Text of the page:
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Beyond the Metropolis

Second Cities and Modern Life in Interwar Japan

Louise Young (Author)

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In Beyond the Metropolis, Louise Young looks at the emergence of urbanism in the interwar period, a global moment when the material and ideological structures that constitute “the city” took their characteristic modern shape. In Japan, as elsewhere, cities became the staging ground for wide ranging social, cultural, economic, and political transformations. The rise of social problems, the formation of a consumer marketplace, the proliferation of streetcars and streetcar suburbs, and the cascade of investments in urban development reinvented the city as both socio-spatial form and set of ideas. Young tells this story through the optic of the provincial city, examining four second-tier cities: Sapporo, Kanazawa, Niigata, and Okayama. As prefectural capitals, these cities constituted centers of their respective regions. All four grew at an enormous rate in the interwar decades, much as the metropolitan giants did. In spite of their commonalities, local conditions meant that policies of national development and the vagaries of the business cycle affected individual cities in diverse ways. As their differences reveal, there is no single master narrative of twentieth century modernization. By engaging urban culture beyond the metropolis, this study shows that Japanese modernity was not made in Tokyo and exported to the provinces, but rather co-constituted through the circulation and exchange of people and ideas throughout the country and beyond.
Acknowledgments

Part One. Contexts
Introduction: Urbanism and Japanese Modern
1. World War One and the City Idea
Part Two. Geo-Power and Urban-Centrism
2. The Ideology of the Metropolis
3. Colonizing the Country
Part Three. Modern Times and the City Idea
4. The Past in the Present
5. The Cult of the New

Epilogue: Urbanism and Twentieth-Century Japan

Notes
Bibliography
Index
Louise Young is Professor of History at the University of Wisconsin-Madison and author of Japan’s Total Empire: Manchuria and the Culture of Wartime Imperialism (UC Press, 1998).
"[A] fascinating and wide-ranging study. . . . An enlightening message."—Alexander Jacoby The Times Literary Supplement
"Young's deeply layered work combining cultural and urban history is a remarkable achievement."—American Historical Review
"Stimulating... finely argued."—Lori Watt Journal of Japanese Studies
"Through clearly formulated and detaield discussions... [Young's] line of argument takes [her] to the edges of profound and highly contested dynamics in the historiography of twentieth-century Japan... illuminating work..."—Pacific Affairs Book Review
"[Young] lays bare the urban-centrism of the modern age—the idea that the Japan’s destiny would be determined by the health of its cities—and shows it to be a co-production of citizens in second cities and the metropolitan core. Along the way she enriches our understanding of social class as well as regionalism. The ideas and practices of the city introduced in this book continue to define Japan to this day."—Andrew Gordon, Harvard University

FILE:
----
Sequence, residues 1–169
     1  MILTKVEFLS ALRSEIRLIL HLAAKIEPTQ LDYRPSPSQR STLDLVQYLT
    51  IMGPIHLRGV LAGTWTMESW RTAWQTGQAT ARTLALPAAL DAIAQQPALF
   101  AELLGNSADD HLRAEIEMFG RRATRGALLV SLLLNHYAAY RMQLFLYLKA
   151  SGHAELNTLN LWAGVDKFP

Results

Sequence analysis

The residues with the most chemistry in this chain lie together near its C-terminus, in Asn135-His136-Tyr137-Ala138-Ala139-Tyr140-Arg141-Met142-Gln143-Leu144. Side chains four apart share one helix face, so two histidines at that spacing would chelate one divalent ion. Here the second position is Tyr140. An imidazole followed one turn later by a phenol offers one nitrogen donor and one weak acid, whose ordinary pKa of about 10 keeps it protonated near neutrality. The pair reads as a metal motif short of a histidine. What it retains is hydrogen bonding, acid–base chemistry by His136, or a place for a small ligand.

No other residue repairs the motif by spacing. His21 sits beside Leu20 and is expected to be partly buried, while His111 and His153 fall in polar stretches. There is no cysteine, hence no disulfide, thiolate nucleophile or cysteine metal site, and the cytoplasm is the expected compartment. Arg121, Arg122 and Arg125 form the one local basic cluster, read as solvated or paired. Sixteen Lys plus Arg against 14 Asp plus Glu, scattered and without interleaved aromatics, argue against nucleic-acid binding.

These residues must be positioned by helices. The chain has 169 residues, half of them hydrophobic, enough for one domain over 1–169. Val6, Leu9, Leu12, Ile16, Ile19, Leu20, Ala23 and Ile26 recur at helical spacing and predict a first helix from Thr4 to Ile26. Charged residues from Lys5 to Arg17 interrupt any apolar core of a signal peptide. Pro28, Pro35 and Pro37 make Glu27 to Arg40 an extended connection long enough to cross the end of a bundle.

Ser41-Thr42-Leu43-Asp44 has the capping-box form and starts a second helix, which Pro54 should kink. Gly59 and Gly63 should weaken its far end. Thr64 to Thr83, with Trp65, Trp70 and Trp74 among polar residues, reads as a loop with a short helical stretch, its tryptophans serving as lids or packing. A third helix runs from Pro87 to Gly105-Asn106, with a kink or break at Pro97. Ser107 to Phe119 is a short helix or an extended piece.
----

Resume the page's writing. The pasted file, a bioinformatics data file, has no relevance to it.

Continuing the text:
"...An excellent, original [book] based on extensive research in Japanese primary and secondary sources. Young issues a powerful corrective to mainstream scholarship, which has long offered a narrative of nationwide modern developments in Japan based on the centralizing impulses of Tokyo-based culture and the bureaucratic state located in Tokyo... I strongly recommend [this book]."—Sheldon Garon, author of Molding Japanese Minds: The State in Everyday Life

One

World War One and the City Idea

In the new wave of investments triggered by World War One, the focus of Japan's economic expectations shifted from the nation to the city, where the capitalist revolution's deepening impact was most dramatically felt. Sudden and rapid urban growth stretched the capabilities of city services and strained the seams of the built environment. The war boom propelled new groups to positions of social prominence, swelling the ranks of the new middle and working classes. Though prosperity proved evanescent, the possibility of gaining fabulous wealth in a short period of time was etched in popular memory as a feature of the urban economy, one dimension of the economic and social volatility of modern economic growth. The war years marked the eruption of a new level of crowd violence, on the factory floor and especially in the street, as rice riots broke out in cities throughout the country. Thus, World War One inscribed the image of the city with a new economic and social identity: one associated with an explosive pace of change, with instability, and with the specter of intensified social violence.

Such visions of the city stood in contrast to older urban imaginaries. The feudal concept of the castle town, burnished over three centuries of political stability under Tokugawa rule, envisioned the city as a monument to the enduring power of the military elite. Tokugawa policies concentrated the ruling caste of samurai in the cities, where they constituted as much as 40 percent of the population. The remaining urban population of artisans and merchants supplied the needs and wants of the samurai. Organized as instruments of samurai rule, cities became seats of higher learning and administration, which Tokugawa law defined as the exclusive province of the samurai. With the overthrow of the Tokugawa regime, samurai dominance of the city ended and the myth of samurai permanence was shattered. In the urban reconstructions of the 1870s and 1880s a new vision emerged of the city as instrument of progress and modernity. Exemplified in the remaking of central Tokyo and the famous Ginza brick town, and in the new government buildings that shot up throughout the country, the urban reconstructions of the early Meiji period telegraphed a message to foreigners and Japanese alike about the city as symbol of Japan's capacity for civilization and enlightenment. And though this urban imaginary embraced a sense of managed progress and controlled change, it little prepared people for the tumultuous transformations of the First World War.